Stairway to heaven
Trip Start Nov 24, 2008
98Trip End Oct 21, 2009
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This was going to be our first real taste of backpacking and it was a bit of a baptism of fire. We arrived for the bus at 8.30pm and upon seeing it we knew the next 12 hours were not going to be comfortable. The thing about the Philippines that we are starting to realise is that public transport in general is not designed for tall westerners like ourselves. We took our seats on the bus and we literally had no room to move and the person in front had yet to put their seat down! We were still waiting for the bus to get fully loaded and our legs were already starting to cramp. To make matters even worse when we thought that the bus was full and ready to go another 15 people got on! They have these odd aisle seats that fold out for extra passengers so if anyone at the back wanted to get off then about 10 people had to get off first to let them off, madness I tell ya! The pictures will says it all.
So all jammed in and dangerously overloaded we started the long trip north. The first 5 hours were pretty rough going and we caught little bits of sleep. Things got a lot better though when at our first stop about half the people on the bus got off. After that we got much more room to ourselves and managed to get some half decent sleep. At around 6am as the sun was coming up we awoke to be greeted by absolutely amazing scenery, we were on a mountain pass heading through the Banue Rice Terraces region. They are the only UN protected heritage site in the Philippines. The pictures don't do them justice! We didn't get much sleep after that as the bus winded its way through the hair rising mountain pass with dodgey unpaved roads and sheer drops!
Some scary moments, a quick rest stop (only the second of two in the whole 12 hours) and some amazing scenery later we arrived in the town of Bontoc. We were very sleepy and the bus dropped us off outside a restaurant. It was about 9am and we hadn't eaten much since our lunch the day before so we went in and ordered rice and chicken for breakfast. This seems to be a relatively normal breakfast here. We chatted to a local tour guide about his ideas of what we should do up here in the mountain region of the Philippines. It sounded pretty amazing and he had loads of references from people who had used his services who came from all over the world but we really wanted to visit the village of Segada so we took his number in case we changed our minds and thanked him for showing us his photos and guide books.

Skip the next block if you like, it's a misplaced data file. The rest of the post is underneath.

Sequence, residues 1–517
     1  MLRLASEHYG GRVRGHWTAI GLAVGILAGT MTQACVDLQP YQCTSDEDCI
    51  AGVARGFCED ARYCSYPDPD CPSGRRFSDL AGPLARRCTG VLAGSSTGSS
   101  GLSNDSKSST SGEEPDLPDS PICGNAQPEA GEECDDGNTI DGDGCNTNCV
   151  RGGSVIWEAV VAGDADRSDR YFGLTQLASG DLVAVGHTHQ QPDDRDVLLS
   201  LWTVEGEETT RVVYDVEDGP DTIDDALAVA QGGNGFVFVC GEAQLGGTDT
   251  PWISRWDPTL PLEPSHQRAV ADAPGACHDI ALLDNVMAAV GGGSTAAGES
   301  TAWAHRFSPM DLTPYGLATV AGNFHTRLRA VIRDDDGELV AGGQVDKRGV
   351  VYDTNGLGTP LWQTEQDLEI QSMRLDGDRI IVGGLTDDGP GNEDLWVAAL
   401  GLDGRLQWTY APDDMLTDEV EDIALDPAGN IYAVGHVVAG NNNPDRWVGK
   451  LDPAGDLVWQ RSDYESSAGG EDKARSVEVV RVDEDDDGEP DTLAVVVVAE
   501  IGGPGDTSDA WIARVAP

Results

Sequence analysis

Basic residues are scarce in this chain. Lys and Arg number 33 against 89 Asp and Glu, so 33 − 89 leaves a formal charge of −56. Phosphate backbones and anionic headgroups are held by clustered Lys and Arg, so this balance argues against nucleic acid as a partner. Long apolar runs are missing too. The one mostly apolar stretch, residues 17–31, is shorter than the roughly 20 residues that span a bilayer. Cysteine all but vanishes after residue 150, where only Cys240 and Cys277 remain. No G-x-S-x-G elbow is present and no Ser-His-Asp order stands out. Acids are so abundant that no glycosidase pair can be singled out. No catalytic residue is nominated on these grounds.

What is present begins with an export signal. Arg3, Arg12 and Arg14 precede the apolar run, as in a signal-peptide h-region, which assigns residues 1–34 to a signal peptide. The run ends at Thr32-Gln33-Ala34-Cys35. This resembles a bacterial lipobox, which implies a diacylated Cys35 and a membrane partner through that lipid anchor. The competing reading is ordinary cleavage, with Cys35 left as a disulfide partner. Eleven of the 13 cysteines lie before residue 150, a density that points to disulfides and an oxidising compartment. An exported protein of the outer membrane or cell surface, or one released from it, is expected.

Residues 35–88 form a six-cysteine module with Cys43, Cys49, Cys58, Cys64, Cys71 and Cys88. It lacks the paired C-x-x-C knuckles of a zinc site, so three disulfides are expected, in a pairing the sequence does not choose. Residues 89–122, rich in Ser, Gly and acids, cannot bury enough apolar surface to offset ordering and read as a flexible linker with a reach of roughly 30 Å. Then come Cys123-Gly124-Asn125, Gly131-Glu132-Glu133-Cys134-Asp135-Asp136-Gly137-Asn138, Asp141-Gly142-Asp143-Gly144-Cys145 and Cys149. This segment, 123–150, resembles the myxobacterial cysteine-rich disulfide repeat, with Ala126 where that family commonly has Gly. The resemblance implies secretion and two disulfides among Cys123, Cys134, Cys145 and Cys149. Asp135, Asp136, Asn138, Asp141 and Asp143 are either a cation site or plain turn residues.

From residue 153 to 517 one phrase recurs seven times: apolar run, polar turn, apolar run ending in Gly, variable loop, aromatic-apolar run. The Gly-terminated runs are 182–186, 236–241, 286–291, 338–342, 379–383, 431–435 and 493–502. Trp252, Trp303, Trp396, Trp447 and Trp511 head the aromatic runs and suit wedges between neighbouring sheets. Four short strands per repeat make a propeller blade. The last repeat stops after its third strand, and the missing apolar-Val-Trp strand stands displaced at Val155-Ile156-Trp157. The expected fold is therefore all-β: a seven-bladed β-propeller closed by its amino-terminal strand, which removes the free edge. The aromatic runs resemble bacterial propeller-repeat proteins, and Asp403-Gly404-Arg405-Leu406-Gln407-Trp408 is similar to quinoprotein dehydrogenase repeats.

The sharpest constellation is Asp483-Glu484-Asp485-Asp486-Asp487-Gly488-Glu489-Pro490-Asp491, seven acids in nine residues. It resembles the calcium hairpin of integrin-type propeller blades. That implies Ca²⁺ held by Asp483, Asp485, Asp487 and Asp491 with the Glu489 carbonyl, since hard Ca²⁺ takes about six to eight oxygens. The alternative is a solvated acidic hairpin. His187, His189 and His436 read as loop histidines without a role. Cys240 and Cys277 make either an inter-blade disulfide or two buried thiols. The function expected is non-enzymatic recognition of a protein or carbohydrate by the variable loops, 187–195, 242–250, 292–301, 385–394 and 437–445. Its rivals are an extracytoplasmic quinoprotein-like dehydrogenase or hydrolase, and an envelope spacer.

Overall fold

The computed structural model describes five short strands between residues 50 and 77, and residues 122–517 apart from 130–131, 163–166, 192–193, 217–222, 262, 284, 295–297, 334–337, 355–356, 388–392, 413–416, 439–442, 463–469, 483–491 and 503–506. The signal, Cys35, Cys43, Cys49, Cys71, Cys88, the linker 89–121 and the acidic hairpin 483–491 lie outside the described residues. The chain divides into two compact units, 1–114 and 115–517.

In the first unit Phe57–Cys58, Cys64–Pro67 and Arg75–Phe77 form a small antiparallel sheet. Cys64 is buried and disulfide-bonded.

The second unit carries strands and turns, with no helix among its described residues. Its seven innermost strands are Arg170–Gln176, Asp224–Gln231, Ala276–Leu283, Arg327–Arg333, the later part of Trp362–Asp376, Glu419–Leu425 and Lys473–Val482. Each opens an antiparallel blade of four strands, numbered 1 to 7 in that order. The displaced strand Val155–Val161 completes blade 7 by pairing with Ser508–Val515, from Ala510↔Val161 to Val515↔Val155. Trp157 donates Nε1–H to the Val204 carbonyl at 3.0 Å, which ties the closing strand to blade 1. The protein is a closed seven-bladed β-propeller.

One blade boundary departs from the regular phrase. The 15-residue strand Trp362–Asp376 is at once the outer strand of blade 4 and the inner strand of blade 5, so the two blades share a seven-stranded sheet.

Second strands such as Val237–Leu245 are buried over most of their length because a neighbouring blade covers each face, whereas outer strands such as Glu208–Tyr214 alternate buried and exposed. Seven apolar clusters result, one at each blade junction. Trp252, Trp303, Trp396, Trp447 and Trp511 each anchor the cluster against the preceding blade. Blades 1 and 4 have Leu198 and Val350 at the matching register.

We hopped on a Jeepney(We'll explain these in the next entry) to our chosen destination of Segada at about 10am. A bum numbing hour later we arrived in Segada. The scenery on the way up was out of this world and again the photos we took could never do it justice. The mountains just go on for miles! The valleys have winding rivers of azure blue and the green rice terraces all up the sides of the mountains are something else. Many of the houses are on stilts at the edge of the mountain roads and the town of Segada is a happy, friendly place.
Not many foreign tourists venture up here. Most tourists are Filipino. We stick out like a sore thumb. Three white, very tall, very different people to everyone else! It's pretty amazing to be off the usual tourist trail though!
After checking into our guest house and a quick nap the three of us decided to go on a mini-trek to Echo Valley. This got the name for the obvious reason that if you shout your voice will echo! Also the valley is home to the unusual hanging coffins. The people of Segada, although mostly Christian, believe that if you bury a dead body the soul will be trapped under ground and suffocate. So they place the bodies in coffins hanging high up on the cliffs of Echo Valley. This way the dead can be guardians over the people of the village. It's truly an amazing sight! The people of the town bring the coffin without the body out to the valley first and place it in a cave or in an alcove in the cliffs. Usually the person will have already chosen where they would like their body to be placed but if not the family makes the decision. Theres loads of other little intricacies to the whole process but this blog entry would be far too long if we went into them all. The mains points are that the family and the towns people take turns carrying the body from the home out to Echo Valley, this is only after at least 10 days of mourning the death where the body is usually sat on a chair on the porch of the family home. The body isn't embalmed at all and it is said that the 'juice' from the body dripping on to the person carrying it is a blessing!? We were lucky to bump into a local guide on our way to Echo Valley and he agreed to let us join in his group. This is how we learned so much of the local history.
Just got back from a few beers in a local cafe, we had to come home so early because there is 9pm curfew in the village and everything closes. Seems years ago the authorities believed that tourists were coming here from Manila and funding insurgents but even though thats long past the curfew remains in an informal manner. Were also up at 6.30am tomorrow to hike up to a waterfall and then some spelunking in the locals caves so an early night isn't necessarily a bad thing.